Great article. I would love to add one thing for those wondering about keeping excess eggs. I have 6 hens at the moment and a neighbor who also loves my eggs but with 6 ladies I still end up with excess.
Instead of worrying over holding them in the fridge or on the shelf I learned I could take a half dozen eggs, gently beat them until they were fairly well blended then freeze that half dozen in a large cube sized ice cube tray. Once frozen solid I pop them out of the tray and vacuum seal them with a Food saver type set up and toss the bag back in the freezer. They will keep frozen for up to 6 months easily and I have a few dozen eggs for those times of the year my ladies go on rest. I have heard you can do the freeze with the yolk intact but experiments have led me to prefer them beaten lightly instead.
Great article! I got my own ongoing experiment re: How long will a fresh bloom-intact egg will last unrefridgerated. The birds and eggs are kept in unheated basement. Birds are let outside to free range, are provided a healthy layer feed and typical scratch. Yes, their yolks are much darker than store bought and taste SO much better.
We have 1 hen (more a pet that just happens to poop breakfast) named Omelet. This fall we gently took in another stray hen who we named Betty. They are watched over by our big tough sweety of a rooster named Bob. Both hens have resumed laying recently after taking a break for couple months.
Now we have more eggs than we can eat...and we're not big egg eaters to begin with. We just liked the chickens. And the disabled gentleman I care for adores them Caring for the beasties is a good activity for him.
We have never washed our eggs and always leave the bloom on. Rarely refrigerate them. As I write this I have 4 dozen unwashed eggs sitting in my basement some of which have been down there for months since last summer. I'm waiting to see how long it takes for them to go bad if they ever do.
I just now broke open a couple eggs out of each carton and I actually think they're still good. The very old ones the yolks have thickened some but otherwise I'm confident if I hard boiled them they'd be fine. The "newer" eggs are unffected by all the time gone by.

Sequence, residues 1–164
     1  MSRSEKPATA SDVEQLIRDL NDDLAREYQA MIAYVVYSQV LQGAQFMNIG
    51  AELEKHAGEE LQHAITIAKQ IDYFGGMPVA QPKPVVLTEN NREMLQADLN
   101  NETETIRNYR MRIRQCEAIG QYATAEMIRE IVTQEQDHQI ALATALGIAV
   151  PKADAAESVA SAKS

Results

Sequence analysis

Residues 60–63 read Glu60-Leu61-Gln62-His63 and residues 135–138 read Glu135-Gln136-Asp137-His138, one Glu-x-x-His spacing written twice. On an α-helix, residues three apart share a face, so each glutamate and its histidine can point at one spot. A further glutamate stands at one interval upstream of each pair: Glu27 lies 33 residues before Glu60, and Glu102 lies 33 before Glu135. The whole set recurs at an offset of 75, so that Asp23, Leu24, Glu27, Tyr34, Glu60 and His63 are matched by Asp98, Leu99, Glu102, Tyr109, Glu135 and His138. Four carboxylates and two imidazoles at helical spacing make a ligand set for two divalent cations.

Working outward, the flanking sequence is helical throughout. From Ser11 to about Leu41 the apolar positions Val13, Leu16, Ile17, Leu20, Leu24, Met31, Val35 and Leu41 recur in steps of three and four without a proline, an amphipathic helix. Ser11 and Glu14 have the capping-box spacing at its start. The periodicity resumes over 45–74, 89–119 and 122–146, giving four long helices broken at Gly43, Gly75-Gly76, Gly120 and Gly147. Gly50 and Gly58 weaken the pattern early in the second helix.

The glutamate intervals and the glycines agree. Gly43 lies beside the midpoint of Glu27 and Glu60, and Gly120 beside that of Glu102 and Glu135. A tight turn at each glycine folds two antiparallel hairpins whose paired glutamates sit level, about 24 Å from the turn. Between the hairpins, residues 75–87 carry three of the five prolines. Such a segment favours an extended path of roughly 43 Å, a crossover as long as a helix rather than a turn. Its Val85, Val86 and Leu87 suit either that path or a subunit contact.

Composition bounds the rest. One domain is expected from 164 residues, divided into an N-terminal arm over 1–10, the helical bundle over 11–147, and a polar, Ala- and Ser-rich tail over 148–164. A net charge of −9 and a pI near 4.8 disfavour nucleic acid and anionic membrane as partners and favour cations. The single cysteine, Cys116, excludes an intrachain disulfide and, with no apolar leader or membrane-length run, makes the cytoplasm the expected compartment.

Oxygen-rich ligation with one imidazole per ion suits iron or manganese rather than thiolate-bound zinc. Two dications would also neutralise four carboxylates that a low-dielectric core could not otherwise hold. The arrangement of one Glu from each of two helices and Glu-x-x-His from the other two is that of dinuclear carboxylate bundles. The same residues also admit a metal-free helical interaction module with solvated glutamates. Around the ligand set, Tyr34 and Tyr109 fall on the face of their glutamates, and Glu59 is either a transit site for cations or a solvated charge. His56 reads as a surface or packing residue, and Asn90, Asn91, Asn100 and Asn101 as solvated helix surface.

Chickens are remarkable creatures! Best critters to have around for a reliable food source and eggs have an awesome shelf life.
My opinion, don't ever wash until ready to cook. Leave the bloom on, kerp them in a cool place and they'll last a good long time.
Would like to hear from others who have kept unwashed, bloom-intact eggs for a long while and if their older eggs proved to still be edibible.
I just did this my girls have all decided to take a much deserved winter break, and I broke down and bought Organic free range eggs. Well it's been many a year since I have done this and wow there is no comparison between my free range girls [Non GMO fed girls] and store bought organic. I guess I am spoiled.
Very good break down of the difference in how chickens are kept too.
This is Eggcellent! Most people (BYC community aside!) really don't understand where their food comes from, so this is a great educational tool. Every 4H Fair should have a copy of your poster hanging around the poultry barns ... Have you considered making it a full-blown "official" ad poster? I'll bet your Extension Service would know how to get it started!
Very interesting findings with the experiment! I thought for sure the farm egg may last an extra day or so! Really enjoyed all the information in this article! A lot of the facts, I was not aware of before reading! Thanks for sharing!